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Asha Puthli's USA Comeback

An Indian superstar who made her biggest splash in Europe in the 1970s with jazz, funk and soul records that forever changed the sound of dance music, Asha Puthli will be returning to the US concert stage for the first time in twenty five years to headline two exciting New York shows.

Puthli will appear at Central Park Summerstage on Sunday, August 13 with special guests Guru (featuring Solar and DJ Doo Wop) and Dewey Redman, and on Wednesday, September 13, she will headline Joe's Pub at New York's Public Theater. These shows will preview some of the new material likely to appear on Puthli's forthcoming as yet untitled jazz album, and audiences will also be treated to classic songs from her forthcoming greatest hits package entitled Space Talk: The Best of Asha Puthli.

Though Stateside success has largely eluded her, Bombay-born and raised Asha Puthli was championed early on in her career as a "genius" by John Hammond, the powerful impresario of Columbia Records who also discovered Billie Holiday, Bob Dylan and Bruce Springsteen. He sent her to record what became perhaps her best known performance, the vocals on Ornette Coleman's Science Fiction album, for which she won DownBeat magazine's Critics Poll for Best Female Vocalist alongside Dee Dee Bridgewater and Ella Fitzgerald.

Though Puthli is rooted in jazz, she defines the word 'eclectic': she has also recorded funk, soul, disco, rock, Bollywood and other genres. She has ten major label solo albums under her belt (produced by the likes of Teo Macero of Miles Davis fame and Del Newman of Elton John fame) and numerous guest appearances including her work on Henry Threadgill's Easily Slip Into Another World. Trained in Indian classical singing, Robert Palmer of The New York Times once praised her voice as: "the sound of raga meets Aretha Franklin" and Times pop critic Jon Pareles calls her "a master performer."

Like other R&B pioneers of the 1970s including Roy Ayers and Patrice Rushen, Puthli's back catalogue has been recently rediscovered by legions of hip-hop and electronica fans. Artists like The Notorious B.I.G., P Diddy, Jay-Z, Diplo, Jermaine Dupri and The Neptunes have all sampled her songs. "It's an honor to be appreciated once again by the younger generation...I feel as if they really understand what my music is all about, " says Puthli.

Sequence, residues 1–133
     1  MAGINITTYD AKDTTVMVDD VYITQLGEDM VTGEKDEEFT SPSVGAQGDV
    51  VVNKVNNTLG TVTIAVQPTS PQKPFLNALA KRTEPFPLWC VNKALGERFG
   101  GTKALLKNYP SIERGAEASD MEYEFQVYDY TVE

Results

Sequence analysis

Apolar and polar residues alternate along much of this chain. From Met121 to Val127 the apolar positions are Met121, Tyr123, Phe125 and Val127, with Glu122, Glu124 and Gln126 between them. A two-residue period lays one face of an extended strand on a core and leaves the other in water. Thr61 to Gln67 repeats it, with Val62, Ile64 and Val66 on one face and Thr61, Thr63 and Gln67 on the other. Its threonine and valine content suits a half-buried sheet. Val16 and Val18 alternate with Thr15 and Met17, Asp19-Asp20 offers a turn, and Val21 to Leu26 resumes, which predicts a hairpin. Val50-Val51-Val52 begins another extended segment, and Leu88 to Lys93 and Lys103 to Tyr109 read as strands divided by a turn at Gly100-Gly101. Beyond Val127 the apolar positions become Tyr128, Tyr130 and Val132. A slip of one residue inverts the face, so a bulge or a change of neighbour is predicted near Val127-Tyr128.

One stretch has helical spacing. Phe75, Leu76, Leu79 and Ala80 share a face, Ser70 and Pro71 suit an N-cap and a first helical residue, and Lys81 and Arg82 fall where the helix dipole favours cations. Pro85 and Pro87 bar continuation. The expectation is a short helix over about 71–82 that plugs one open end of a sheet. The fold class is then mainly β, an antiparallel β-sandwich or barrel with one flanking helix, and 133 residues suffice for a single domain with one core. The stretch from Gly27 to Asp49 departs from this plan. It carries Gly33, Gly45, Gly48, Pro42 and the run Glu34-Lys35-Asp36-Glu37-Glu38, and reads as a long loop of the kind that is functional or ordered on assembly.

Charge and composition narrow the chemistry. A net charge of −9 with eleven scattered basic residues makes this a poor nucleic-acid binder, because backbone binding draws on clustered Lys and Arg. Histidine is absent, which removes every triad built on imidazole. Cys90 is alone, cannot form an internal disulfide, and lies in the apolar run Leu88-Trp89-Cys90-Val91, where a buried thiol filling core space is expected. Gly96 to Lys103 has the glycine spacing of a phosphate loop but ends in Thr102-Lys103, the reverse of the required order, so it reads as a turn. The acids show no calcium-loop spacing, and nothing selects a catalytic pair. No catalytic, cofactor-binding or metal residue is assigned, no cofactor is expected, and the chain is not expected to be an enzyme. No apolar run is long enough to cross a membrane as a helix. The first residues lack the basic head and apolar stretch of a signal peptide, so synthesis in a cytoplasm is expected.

2006 marks Puthli's busiest year yet. Besides returning to the stage, she also appears on Bill Laswell's new album, Asana OHM Shanti, along with Karsh Kale, Pharoah Sanders and Ustad Sultan Khan. Her new single, "Waiting for An Angel, " has just been released for global distribution by the Italian label Cinevox. "It's exciting to be finally getting all this recognition in the United States, " Puthli claims. "I had a very difficult time being accepted as an Indian woman doing jazz, funk and R&B in the early 1970s...now India is finally on the cover of Time and Newsweek. Things are changing and I'm glad."

This year Puthli will also release her best of collection Space Talk: The Best of Asha Puthli, The CBS Years including her classic hits "Spa

ce Talk" and "Right Down Here." Those songs pioneered what would later come to be known as the Eurosoul or Eurodisco sound. This year, Puthli's 1973 debut album, Asha Puthli, and her 1976 cult favorite The Devil Is Loose (called a "masterpiece" by are for the first time available on iTunes and other digital websites.

Puthli will headline Central Park Summerstage on August 13 with Dewey Redman, legendary jazz saxophonist and father to Joshua, and Guru, the hip-hop MC who pioneered the fusion of jazz and rap with his Jazzmattazz series. Also on the bill are electronic music pioneer DJ Spooky, glitch superstar Prefuse 73, and UK fusion drum 'n bass legend Talvin Singh. Central Park Summerstage is located at 65 Rumsey Playfield.
In concert, Puthli will perform songs likely to appear on her new album, a solo jazz project that has a strong Indian component: Indian jazz covers of standards by Duke Ellington and John Coltrane as well radically re-imagined jazz covers of material by Annie Lennox, Nirvana and Madonna. "It's my most adventurous project yet...I've always wanted to do a jazz album but never got the chance because record labels did not see a place for an Indian woman expressing herself musically, singing in English and incorporating her cultural traditions in the Western context...Now I have the opportunity and I'm grabbing it."



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